Standard Life Investments (SLI) this week moved into a new office in Hong Kong’s Central district and announced plans to almost double the team’s headcount in the coming year.

This is a big statement of intent, given that the fund house had been based in Causeway Bay since 2001 – more a shopping district than the typical Hong Kong base for a big international asset manager.

SLI, part of UK insurance firm Standard Life, plans to add 10 to its 15-strong Hong Kong team in the next 12 months across fund management, research, operations, and legal/compliance. Recent senior hires include Allen Wang, head of Asia institutional business, and Virginia Devereux Wong, head of Asia wholesale business.

The firm is keen to boost the amount of assets it sources from Asia Pacific, although it declines to specify what the regional AUM figure is currently. In its list of the top 100 asset managers by Asia-Pacific-sourced AUM as at the end of 2012, SLI ranked 64th with $23.5 billion out of a global total of $247 billion, or 9.5%, according to AsianInvestor estimates.

While SLI prefers not to offer a specific target for investment sourced from this region, it says it has made raising assets in Asia Pacific a priority.

“It’s time that we took the Asian business to the next level,” says Colin Clark, Edinburgh-based executive director of the board and head of global client group at the opening of the new office on Queen’s Road Central.

One areas SLI is closely monitoring is that of the proposed Hong Kong-China mutual recognition agreement (MRA) for funds, on which more details are widely expected by the end of the year.

The firm has made researching the scheme a priority, notes David Peng, head of Asia. He declined to say if SLI will launch Hong Kong-domiciled funds.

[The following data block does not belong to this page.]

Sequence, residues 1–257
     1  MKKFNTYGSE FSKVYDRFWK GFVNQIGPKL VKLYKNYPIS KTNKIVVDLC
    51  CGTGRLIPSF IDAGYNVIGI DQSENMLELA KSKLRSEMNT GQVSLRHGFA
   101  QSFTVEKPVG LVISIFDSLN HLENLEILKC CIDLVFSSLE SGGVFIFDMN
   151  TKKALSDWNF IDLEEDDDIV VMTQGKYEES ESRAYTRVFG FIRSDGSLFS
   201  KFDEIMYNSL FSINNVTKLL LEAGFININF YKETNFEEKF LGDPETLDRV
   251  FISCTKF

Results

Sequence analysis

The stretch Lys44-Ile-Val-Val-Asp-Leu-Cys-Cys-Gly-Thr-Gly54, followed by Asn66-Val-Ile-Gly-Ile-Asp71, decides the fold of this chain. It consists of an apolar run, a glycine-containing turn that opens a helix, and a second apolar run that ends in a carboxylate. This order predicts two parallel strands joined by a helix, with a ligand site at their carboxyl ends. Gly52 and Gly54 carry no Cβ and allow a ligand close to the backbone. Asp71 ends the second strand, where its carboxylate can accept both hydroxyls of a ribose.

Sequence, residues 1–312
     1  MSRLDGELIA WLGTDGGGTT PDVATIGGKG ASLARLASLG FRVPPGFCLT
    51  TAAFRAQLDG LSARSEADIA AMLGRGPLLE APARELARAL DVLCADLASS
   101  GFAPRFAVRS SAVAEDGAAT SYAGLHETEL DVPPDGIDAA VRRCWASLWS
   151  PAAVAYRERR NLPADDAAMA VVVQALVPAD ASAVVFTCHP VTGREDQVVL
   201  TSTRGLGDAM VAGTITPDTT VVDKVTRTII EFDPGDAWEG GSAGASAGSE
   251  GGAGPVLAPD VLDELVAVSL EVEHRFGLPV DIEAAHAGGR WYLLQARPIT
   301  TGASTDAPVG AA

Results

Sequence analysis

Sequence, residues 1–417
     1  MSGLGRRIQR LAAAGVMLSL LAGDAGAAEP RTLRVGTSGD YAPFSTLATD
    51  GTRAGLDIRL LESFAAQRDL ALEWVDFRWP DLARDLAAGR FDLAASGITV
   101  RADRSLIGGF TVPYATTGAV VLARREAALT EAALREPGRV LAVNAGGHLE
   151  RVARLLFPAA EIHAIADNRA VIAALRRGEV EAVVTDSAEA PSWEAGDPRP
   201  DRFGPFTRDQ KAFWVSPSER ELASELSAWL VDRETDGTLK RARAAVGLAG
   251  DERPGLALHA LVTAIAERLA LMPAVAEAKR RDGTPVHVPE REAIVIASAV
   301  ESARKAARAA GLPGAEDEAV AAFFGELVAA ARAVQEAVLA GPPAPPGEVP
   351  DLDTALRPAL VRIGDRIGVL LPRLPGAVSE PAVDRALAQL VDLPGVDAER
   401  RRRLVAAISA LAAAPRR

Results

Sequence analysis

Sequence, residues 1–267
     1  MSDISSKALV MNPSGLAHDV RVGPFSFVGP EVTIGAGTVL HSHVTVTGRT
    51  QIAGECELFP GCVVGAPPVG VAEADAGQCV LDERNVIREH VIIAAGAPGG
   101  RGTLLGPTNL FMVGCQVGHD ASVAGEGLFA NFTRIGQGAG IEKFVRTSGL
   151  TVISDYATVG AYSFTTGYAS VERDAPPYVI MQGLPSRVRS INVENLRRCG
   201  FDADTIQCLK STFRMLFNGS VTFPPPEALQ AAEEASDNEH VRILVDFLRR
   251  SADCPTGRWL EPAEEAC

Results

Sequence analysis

“The fundamental question that hasn’t been answered,” he says, “is how do you offer products on both ends especially when Hong Kong is an omnibus arrangement and China is individual shareholders? Some of these operations logistical issues need to be discussed.”

(Hong Kong distributors manage client fund investments via an omnibus account system, so that asset managers are not privy to the identity of the underlying investors. For distributors in China, the account holds individual accounts – which may be coded – that distributors may not be willing to share with fund managers.)

Certainly, many questions remain around the MRA, including whether foreign fund houses’ representative offices in China will have the legal right to provide sales support to mainland distributors.

Meanwhile, SLI aims to market its actively managed account capabilities, including for multi-asset products, to Asian institutional investors.

However, there has been a recent trend for institutional investors to increasingly seek more passive exposure, such as through exchange-traded funds. According to a BlackRock survey released in early October, 74% of Asian insurance companies say they are likely to increase investment in ETFs over the next three years.

SLI is sanguine about this. “There tend to be cyclical swings between passive and active [investing],” Robert McKillop, global head of product and investment specialists, tells AsianInvestor.

“One of the things fuelling the use of passive [investing] and ETFs in particular in institutional markets at the moment is the [ability] to get in and out of specific asset classes very quickly,” he adds. “In a low-growth environment, the ability to access equities through an ETF is very efficient and very cheap.”

Cost will undoubtedly continue to be an important issue for institutional investors. But McKillop argues they should focus more on value and the ability for active funds to deliver consistent alpha. Retail investors are showing strong demand for active mandates, he adds.

And while an increasing number of big institutions are looking to in-source investment capabilities, Clark argues that this still leaves a lot of available opportunities.

“[The situation] only applies to the very, very top tier of institutions and the very, very biggest institutions. On a worldwide scale, this is a very big sliver, but it’s a very small number of clients.” The vast majority of clients still need third party management, he adds.

SLI has offices in Australia, China and Korea, as well as Hong Kong.